My oldest child is a freshman in high school. Even as a freshman, they already start standardized testing to see how students might score on college admissions tests. Let the stress begin right away! Speaking of college admissions tests, a recent article on LinkedIn – New research uncovers hidden bias in college admissions tests – discusses potential challenges with the College Board’s testing methods.
The article has a very good reminder about talent selection in the corporate world.
According to the lead author of the study, Herman Aguinis, who is the John F. Mee Chair of Management and a professor of organizational behavior and human resources at Indiana University’s Kelley School of Business, “Our main implication is that tests do not work in the same way across colleges and universities, and we have found that hundreds of thousands of people’s predicted GPA based on SAT scores were under- or overestimated.”
The study’s authors argue “that admissions policies, grading approaches and academic support resources differ greatly by institution and even with them, which raises questions about how useful and fair the SAT can be as a predictor of student success across gender and ethnic groups.”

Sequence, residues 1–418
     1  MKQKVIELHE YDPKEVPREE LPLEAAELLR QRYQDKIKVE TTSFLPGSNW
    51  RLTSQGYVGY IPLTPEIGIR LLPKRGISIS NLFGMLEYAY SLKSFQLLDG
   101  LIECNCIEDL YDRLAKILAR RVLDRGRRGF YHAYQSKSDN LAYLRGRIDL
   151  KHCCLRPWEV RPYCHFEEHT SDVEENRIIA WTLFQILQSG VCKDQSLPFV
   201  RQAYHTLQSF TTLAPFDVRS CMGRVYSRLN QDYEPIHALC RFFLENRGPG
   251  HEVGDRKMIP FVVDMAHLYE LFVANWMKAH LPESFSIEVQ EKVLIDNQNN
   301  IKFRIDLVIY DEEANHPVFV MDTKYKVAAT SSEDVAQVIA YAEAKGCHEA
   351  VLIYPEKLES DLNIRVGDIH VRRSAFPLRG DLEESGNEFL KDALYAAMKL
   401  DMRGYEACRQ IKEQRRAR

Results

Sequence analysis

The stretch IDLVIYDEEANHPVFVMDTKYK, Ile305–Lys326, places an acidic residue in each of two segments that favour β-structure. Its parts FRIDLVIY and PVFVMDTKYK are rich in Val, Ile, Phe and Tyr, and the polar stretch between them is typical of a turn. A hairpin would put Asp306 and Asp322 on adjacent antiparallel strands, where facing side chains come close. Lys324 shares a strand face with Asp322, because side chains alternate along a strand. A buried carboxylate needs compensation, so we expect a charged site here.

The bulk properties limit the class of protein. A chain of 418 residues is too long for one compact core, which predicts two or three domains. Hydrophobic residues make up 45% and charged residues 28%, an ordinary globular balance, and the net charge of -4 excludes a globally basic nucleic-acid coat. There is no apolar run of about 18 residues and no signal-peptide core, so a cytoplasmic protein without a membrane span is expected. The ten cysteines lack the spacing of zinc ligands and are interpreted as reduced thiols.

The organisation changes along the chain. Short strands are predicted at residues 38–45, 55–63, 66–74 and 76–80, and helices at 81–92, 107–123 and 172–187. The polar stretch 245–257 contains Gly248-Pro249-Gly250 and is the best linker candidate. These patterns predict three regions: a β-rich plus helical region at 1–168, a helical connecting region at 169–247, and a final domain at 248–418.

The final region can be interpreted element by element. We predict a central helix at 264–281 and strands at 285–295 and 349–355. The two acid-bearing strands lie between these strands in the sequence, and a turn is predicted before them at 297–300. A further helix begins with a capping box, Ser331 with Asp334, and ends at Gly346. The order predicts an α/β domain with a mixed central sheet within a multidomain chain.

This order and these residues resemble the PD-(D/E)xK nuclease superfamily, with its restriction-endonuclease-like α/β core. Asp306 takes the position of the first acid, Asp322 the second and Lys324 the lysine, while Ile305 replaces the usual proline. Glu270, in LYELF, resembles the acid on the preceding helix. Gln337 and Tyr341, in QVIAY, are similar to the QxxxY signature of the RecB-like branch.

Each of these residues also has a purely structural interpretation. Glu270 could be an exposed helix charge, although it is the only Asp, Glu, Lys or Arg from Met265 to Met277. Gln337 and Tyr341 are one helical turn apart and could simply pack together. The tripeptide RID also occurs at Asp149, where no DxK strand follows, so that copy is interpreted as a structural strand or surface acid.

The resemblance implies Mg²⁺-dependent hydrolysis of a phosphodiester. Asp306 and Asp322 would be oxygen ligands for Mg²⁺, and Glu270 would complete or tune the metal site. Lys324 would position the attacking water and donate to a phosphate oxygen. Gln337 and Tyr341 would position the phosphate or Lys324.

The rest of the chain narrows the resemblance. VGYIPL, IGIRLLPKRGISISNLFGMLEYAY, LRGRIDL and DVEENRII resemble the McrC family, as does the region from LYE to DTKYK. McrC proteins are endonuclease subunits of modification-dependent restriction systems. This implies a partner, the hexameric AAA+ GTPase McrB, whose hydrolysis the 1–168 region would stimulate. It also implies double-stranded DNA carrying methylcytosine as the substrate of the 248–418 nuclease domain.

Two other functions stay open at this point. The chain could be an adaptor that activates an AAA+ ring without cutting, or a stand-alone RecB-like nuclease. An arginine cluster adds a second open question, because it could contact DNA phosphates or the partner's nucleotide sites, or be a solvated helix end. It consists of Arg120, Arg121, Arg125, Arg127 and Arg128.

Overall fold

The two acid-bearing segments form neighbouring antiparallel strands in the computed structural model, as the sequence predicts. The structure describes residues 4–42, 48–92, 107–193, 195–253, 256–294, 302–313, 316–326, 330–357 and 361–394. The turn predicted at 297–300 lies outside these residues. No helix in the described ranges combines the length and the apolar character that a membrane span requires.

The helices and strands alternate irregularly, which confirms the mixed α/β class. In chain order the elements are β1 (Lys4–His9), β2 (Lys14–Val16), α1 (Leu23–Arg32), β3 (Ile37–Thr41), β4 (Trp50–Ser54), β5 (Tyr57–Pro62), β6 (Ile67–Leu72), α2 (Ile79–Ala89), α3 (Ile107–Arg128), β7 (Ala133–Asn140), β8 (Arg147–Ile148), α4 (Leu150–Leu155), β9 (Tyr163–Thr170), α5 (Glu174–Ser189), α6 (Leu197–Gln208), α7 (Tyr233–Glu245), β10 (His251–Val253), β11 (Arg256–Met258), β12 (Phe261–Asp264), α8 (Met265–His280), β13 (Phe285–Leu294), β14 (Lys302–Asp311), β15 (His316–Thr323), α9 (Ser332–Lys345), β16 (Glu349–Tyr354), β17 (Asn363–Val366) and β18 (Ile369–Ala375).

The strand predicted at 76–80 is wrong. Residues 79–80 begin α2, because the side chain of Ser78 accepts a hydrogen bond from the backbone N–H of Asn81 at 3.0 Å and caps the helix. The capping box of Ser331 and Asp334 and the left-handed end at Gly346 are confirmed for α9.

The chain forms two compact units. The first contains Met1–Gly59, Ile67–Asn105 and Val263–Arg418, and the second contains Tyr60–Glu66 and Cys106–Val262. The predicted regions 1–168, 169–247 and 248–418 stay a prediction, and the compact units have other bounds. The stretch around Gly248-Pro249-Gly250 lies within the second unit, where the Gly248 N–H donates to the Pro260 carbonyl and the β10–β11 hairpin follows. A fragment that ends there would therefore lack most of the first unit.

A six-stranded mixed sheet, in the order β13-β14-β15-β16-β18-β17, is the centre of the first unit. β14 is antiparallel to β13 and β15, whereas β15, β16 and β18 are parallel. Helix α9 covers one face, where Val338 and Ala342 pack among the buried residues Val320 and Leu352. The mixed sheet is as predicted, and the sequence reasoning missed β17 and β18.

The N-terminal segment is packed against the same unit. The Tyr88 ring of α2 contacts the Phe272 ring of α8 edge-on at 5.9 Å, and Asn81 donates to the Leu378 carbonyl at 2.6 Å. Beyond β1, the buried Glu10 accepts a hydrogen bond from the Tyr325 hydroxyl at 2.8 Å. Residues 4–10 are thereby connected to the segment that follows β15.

This reminds me of why off-the-shelf assessment testing is less impactful than an assessment process customized for your job in your company. The key lesson is to conduct a job specific analysis and validation study based on your incumbents and using your performance data. This data-driven approach enables you to focus your hiring process on success factors unique to your company and avoid hoping that a generalized model based on other company’s data meets your need.
Topics: Competencies and Culture